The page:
You might want to take a look at an article in the Wall Street Journal that questions the orthodox view of income prospects for college grads. Estimates
don’t take into account deductions from income taxes or breaks in employment. Nor do they factor in debt, particularly student debt loads, which have ballooned for both public and private colleges in recent years. In addition, the income data used for the Census estimates is from 1999, when total expenses for tuition and fees at the average four-year private college were $15,518 per year. For the 2009-10 school year, that number has risen to $26,273, and it continues to increase at a rate higher than inflation.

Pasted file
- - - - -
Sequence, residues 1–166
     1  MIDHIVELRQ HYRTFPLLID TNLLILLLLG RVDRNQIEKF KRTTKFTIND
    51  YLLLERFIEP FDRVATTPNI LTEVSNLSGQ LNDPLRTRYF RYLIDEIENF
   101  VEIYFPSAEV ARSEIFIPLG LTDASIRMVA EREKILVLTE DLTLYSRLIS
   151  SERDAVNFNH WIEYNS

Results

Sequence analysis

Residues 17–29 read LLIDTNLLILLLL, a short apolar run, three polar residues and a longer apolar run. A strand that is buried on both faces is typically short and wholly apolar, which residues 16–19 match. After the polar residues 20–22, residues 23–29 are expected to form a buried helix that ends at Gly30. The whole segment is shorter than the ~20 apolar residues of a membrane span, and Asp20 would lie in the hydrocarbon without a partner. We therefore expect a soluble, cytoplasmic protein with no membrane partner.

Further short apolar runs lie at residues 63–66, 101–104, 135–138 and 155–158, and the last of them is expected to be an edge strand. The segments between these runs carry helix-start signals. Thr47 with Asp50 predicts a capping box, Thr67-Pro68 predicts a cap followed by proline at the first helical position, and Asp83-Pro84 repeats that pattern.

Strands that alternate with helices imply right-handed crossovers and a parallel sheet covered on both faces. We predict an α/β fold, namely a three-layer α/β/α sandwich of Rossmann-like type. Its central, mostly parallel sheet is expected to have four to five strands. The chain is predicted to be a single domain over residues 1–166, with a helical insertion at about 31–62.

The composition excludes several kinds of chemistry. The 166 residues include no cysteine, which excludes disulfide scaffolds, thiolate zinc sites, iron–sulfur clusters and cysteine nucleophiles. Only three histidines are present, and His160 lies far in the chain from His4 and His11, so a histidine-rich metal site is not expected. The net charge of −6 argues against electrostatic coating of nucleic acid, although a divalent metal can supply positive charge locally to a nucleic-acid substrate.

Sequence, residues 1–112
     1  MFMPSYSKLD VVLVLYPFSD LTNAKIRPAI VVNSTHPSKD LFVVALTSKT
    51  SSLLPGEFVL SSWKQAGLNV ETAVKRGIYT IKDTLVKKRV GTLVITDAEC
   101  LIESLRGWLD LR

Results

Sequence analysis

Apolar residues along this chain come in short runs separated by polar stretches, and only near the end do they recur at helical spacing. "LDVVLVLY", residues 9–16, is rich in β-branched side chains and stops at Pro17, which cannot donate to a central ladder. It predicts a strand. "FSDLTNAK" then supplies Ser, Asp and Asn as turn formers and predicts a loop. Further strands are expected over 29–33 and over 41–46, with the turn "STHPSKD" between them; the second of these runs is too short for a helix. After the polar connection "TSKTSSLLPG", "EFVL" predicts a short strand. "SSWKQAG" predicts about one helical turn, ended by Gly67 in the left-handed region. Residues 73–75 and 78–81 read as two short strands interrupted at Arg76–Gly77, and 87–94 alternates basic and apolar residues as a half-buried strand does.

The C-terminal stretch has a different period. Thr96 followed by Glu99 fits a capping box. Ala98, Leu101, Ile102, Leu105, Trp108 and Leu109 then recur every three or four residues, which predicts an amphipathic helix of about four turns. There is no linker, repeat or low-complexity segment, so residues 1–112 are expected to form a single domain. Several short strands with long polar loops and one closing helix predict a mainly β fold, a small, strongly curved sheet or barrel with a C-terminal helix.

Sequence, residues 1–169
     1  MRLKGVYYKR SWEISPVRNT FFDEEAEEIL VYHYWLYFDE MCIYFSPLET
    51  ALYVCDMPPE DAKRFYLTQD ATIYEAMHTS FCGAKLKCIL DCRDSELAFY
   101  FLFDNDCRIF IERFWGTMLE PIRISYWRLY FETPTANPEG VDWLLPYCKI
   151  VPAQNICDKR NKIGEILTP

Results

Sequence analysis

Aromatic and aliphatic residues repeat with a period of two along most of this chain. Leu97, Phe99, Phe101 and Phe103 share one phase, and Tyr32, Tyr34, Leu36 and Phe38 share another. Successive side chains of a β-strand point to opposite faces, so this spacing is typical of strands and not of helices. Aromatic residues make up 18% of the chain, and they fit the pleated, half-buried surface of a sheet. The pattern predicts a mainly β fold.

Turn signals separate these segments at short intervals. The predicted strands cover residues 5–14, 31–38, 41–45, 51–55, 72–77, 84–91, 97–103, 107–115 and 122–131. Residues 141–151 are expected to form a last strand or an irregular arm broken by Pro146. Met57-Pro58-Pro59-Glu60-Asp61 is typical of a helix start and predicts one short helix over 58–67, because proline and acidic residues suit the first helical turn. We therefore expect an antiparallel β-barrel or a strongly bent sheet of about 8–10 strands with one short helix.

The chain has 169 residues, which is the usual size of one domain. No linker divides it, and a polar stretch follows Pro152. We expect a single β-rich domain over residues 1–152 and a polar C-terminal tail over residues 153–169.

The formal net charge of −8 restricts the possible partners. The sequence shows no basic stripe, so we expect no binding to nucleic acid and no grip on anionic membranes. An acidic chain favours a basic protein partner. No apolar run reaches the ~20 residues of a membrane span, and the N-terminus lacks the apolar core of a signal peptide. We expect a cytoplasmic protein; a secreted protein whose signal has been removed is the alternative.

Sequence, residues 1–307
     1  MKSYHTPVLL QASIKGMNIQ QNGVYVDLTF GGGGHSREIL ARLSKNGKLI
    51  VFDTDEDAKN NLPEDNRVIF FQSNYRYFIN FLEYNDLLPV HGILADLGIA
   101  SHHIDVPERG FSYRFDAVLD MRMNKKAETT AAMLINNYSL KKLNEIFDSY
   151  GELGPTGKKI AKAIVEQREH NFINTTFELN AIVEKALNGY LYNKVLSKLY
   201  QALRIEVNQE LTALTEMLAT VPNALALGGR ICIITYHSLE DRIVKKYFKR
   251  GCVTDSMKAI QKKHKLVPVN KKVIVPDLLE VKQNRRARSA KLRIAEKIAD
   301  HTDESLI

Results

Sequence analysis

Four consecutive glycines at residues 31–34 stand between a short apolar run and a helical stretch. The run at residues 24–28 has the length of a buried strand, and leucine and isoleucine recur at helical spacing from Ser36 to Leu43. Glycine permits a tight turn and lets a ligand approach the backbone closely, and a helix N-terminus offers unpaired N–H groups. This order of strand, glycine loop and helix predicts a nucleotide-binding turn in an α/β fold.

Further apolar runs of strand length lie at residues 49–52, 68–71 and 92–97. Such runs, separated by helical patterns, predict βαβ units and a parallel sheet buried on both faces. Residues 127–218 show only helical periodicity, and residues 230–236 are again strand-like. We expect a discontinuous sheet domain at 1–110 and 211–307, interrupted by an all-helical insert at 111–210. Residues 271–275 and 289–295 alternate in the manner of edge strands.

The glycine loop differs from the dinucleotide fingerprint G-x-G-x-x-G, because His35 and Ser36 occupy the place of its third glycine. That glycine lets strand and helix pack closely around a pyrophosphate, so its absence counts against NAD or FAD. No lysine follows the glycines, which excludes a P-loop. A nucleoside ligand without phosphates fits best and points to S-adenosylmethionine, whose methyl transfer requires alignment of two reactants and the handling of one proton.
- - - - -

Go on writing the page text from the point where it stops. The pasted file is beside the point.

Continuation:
Dr. Schneider estimated the actual lifetime-earnings advantage for college graduates is a mere $279,893 in a report he wrote last year. He included tuition payments and discounted earning streams, putting them into present value. He also used actual salary data for graduates 10 years after they completed their degrees to measure incomes. Even among graduates of top-tier institutions, the earnings came in well below the million-dollar mark, he says.
There’s an additional problem. Averages don’t tell the whole story. Nor do median incomes. The standard deviation does, too. When you exclude the extraordinarily high incomes of grads from a handful of elite institutions and the incomes from professions that require post-graduate education and that are harder to get into than it is just to get an undergraduate degree, the differential vanishes.
Don’t get me wrong. I’m not saying that people shouldn’t get college educations.
What I’m saying is that we shouldn’t expect colleges to be job training programs and that the idea that higher education will provide America with a bright economic future is a myth.